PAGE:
Jasper White jetted from summer to winter in half a day. The owner-chef of Jasper's restaurant in Boston returned home from the American Cuisine Symposium in San Francisco in September, and while chefs all over the country were talking about grilled fish, he realized it was time to think about pork.

"It's autumn here, and it's chilly," said White. His customers had started to order cognac and port after dinner. So he began putting together the season's menu to include escarole and bean soup, duck confit and speckled heart grits with rabbit. It wasn't yet threatening to snow but, explained White, "We kind of get psychologically prepared for winter up here."

That suits White well, as his cooking style takes advantage of full, deep flavors and suits hearty foods. Though Jasper's restaurant has a light and pretty look, and is decorated with baby orchids and trees strung with tiny lights, the food bridges the gap between new-style lightness and the meat-and-potatoes appetite.

And White has a new mission: to redeem pork on the American menu.

This is not plain old pork, though, it is New Pork. Piglets. Larger than suckling pigs -- the more developed 35-pound porkers White buys in Vermont. Pork's answer to miniature vegetables.

Unlike miniature vegetables, though, piglets met resistance. "It's only in the past two years that I've been able to sell pig in the restaurant," he said. Among other hesitations, some diners voiced concern over being able to match pork with wine. White himself likes it with pinot noir or burgundy.

He cuts the piglets into fresh ham, loin and ribs, and turns the rest of the meat into Italian-style sausage. The cracklings he roasts slowly for a couple of hours. He brines the ham mildly, just for one day, then roasts it and the loin.

The bones, with extra scraps for flavor, go into a stock for the sauce. He browns them with with carrots, onions and garlic until the meat is nearly falling apart, almost a stew. His aim is to make a sauce as dark and rich as gravy. White adds no wine because, he says, "I try not to adulterate the flavor." If it needs a little acidity, he splashes in a bit of vinegar. And though he wants the flavor of a gravy, he keeps the texture light and does not thicken it at all.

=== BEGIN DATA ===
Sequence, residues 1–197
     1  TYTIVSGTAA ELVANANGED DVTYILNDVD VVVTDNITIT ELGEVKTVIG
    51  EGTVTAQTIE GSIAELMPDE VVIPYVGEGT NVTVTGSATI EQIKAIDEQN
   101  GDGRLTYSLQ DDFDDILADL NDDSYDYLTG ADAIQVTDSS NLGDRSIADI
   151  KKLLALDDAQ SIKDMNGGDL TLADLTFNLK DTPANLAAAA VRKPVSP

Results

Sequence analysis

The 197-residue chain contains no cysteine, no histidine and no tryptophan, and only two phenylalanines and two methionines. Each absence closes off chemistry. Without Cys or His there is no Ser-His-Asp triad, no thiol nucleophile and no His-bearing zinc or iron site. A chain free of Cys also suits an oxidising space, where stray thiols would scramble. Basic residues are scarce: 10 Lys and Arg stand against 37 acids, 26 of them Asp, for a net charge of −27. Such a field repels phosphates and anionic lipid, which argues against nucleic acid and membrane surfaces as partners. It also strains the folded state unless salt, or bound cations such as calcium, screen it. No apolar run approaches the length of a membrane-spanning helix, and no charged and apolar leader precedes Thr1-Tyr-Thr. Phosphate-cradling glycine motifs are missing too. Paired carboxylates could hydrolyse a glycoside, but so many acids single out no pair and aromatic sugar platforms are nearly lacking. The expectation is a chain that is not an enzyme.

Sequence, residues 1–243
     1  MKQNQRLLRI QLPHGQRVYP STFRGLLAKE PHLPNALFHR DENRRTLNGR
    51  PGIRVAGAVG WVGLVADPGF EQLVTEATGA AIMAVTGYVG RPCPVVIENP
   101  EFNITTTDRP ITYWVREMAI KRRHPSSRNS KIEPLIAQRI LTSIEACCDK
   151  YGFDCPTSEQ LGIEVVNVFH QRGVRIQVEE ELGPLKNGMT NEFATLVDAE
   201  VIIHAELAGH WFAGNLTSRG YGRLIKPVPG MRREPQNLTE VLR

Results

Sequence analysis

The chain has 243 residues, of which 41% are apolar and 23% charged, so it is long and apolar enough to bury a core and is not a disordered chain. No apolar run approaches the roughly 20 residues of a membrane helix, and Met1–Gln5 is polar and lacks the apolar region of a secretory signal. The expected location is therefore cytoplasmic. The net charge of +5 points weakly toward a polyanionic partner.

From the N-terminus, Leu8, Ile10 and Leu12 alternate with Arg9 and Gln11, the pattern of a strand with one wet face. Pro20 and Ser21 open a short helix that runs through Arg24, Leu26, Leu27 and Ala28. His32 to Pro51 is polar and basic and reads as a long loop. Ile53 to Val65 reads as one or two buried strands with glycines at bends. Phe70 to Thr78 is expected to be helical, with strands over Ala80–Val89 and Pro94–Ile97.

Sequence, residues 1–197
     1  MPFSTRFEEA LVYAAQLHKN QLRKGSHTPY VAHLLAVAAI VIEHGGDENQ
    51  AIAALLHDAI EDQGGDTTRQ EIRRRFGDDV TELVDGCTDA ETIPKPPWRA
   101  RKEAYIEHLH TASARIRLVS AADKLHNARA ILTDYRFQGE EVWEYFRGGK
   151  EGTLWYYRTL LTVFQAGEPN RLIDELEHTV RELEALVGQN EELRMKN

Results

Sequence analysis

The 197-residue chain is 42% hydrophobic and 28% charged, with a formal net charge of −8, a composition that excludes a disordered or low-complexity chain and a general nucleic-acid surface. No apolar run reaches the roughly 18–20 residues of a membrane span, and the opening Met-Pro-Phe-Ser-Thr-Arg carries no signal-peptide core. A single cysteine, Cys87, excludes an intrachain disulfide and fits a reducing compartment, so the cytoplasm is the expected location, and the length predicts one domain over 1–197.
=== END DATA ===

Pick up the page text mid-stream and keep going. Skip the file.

And all of it -- lightly cured ham, loin, ribs, sausage and cracklings -- goes on one plate, accompanied by spiced pear fritters or with cabbage strudel, which he considers an exceptional side dish for pork or a fine main dish on its own.

That is clearly cold-weather dining.

Also this season White has begun to serve snails, now that he can get them fresh from Sonoma County, Calif. He cooks them as a fricassee, "like a little stew, with leeks, garlic, bacon and chanterelles."

Once White had encouraged his Boston-traditionalist customers to eat piglet and fresh snails, he took on the challenge of grits, not just any grits but coarse stone-ground whole-grain "speckled heart" grits from Calloway Gardens in Georgia. These days his menu has them as a souffle-light cake with a crusty surface, sauced with diced rabbit and vegetables. "It's not easy to get people from Boston to eat grits," he confided.

Jasper's Boston location dictates some attention be paid to seafood, of course: lobster, halibut, scallops, bluefish. He pan roasts the lobster, though, with herbs and grilled fennel, and braises his halibut to a silky softness. He teams halibut with chanterelles, scallops with tomato and mint, bluefish with garlic fettuccine. What White does exceptionally with meats is to char them to crustiness -- as in his grilled duck salad with spiced pecans, and his charred loin of lamb with eggplant fingers.